North of the 400

North of Toronto, South of a championship

Why 350 means everything

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Even if it doesn’t seem like it, 350 is a very important number.

By winning his 350th game on Monday, Roger Clemens joined one of the most elite clubs in baseball history – one so elite that it has had just 7 other members over a century.

So elite that he’s the first new member since 1965 and the only one still alive.

So that win is a very big deal. Especially when you consider that only one other active pitcher, Greg Maddux, is even close to him – and Maddux benefited from pitching in the National League, never having to face the DH and never pitched in cozy Fenway Park – something that Clemens did for good portions of his career.

It’s an even bigger deal when you look at today’s top pitchers. Unlike home runs, where it’s not uncommon for a leader to hit 40, even 50 in a season, wins keep going down and down.

With the modern specialization of pitching, it is doubtful that we will ever see a 350 game winner from today’s crop. Last season, for example, we didn’t even have a pitcher who won at least 20 games for the first time since 1995. In the last 10 seasons, we haven’t had a pitcher win more then 24 games.

However, we have seen a player hit 72 home runs in one season.

Could any of today’s pitchers ever hit 350 wins? The closest are Greg Maddux, who has already 340 wins, and Tom Glavine, at 297. Both of those pitchers are nearing the end of their careers (they’re both 41) and are unlikely to catch Clemens. There’s only one active pitcher who is under 40 and has close to 300 wins – Mike Mussina, who has 243 – at the age of 38.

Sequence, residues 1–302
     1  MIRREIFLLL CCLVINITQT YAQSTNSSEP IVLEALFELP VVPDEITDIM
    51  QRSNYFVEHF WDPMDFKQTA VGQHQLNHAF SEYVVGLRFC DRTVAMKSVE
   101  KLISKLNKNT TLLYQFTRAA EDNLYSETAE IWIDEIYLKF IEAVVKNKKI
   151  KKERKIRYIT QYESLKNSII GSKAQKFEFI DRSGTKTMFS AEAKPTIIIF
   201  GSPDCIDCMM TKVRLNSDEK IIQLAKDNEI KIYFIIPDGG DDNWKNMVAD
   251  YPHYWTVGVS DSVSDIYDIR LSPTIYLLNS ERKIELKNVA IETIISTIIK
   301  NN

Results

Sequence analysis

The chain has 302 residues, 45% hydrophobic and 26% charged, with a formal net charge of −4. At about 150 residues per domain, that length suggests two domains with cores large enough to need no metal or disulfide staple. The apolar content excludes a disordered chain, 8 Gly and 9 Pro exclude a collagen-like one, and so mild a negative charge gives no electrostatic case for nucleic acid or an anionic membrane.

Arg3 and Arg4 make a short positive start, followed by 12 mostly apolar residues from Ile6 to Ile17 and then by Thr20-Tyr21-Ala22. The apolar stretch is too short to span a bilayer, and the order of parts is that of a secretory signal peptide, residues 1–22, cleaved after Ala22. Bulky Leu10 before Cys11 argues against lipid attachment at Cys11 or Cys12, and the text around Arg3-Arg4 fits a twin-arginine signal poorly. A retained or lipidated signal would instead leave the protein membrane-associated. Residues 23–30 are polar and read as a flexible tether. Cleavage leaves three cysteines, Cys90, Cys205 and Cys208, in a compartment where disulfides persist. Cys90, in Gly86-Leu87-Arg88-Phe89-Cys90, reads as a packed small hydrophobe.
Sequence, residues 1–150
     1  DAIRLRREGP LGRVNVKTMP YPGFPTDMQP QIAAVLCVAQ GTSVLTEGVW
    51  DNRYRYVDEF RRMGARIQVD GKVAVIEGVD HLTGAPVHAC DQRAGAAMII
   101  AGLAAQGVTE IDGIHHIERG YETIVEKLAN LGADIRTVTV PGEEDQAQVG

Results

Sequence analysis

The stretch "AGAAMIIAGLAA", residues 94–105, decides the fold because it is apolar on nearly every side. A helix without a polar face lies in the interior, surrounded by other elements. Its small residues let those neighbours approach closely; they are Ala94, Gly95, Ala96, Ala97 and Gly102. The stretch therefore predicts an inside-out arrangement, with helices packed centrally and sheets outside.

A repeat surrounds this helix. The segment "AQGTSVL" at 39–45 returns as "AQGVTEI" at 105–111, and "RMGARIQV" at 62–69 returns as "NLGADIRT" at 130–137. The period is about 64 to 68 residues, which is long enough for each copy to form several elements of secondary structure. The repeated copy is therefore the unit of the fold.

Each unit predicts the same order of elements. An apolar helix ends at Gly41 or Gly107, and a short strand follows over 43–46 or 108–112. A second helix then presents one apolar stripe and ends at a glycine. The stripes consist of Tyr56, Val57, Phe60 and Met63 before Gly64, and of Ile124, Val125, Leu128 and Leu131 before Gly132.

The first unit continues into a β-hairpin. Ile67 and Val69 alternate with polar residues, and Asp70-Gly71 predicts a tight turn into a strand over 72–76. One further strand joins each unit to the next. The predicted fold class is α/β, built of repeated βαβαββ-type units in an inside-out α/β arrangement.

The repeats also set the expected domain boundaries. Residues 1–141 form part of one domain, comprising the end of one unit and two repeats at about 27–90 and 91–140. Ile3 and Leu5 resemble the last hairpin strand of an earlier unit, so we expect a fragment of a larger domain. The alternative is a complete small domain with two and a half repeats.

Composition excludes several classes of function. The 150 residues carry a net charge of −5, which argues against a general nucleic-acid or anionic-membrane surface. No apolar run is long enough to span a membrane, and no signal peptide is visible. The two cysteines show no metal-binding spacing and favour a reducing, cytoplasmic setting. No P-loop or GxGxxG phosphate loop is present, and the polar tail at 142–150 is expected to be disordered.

But what about today’s young, fresh pitchers? Well, let’s take last season’s top pitcher for the American League: Cheng-Ming Wang. Wang, who won 19 games for the Yankees at the age of 26, has a total of 27 wins coming into this season. For him to get to 350 wins, he would have to have 18 seasons of at least 19 wins. Then, when he’ll be 44 years old, he’ll just hit 350 wins . To ask him to be that good, for that long, is just not a possibility.

So, if this is the final season for Clemens, 350 wins looks like the cherry on top of the sundae of his career. It adds to his resume as the greatest pitcher of his generation, and perhaps the greatest pitcher of all time. Sure, he has a reputation as a hired gun, going where the money is. He’s even burned some bridges behind him, in Boston, Toronto, Houston and arguably in New York.

Were he somebody else, this could be a fatal flaw.

But this isn‘t somebody else; this is somebody who‘s career reads like a wish list for pitching. From the seven Cy Young awards, his multiple times leading the league in wins and ERA to his World Series rings, his career is the gold standard that pitchers will be judged against in the future. By every definition he is a hall of fame player – there are far, far lesser players in the hall of fame.

But still, those accomplishments can be repeated. A pitcher wins the Cy Young and a team wins the World Series every season. It’s possible to win 20 games in a season or to have back to back Cy Youngs.

However, 350 is still a very large number, and is one we may never see again – hence it’s importance.

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Written by M.

July 3, 2007 at 10:27 pm

Posted in baseball, MLB

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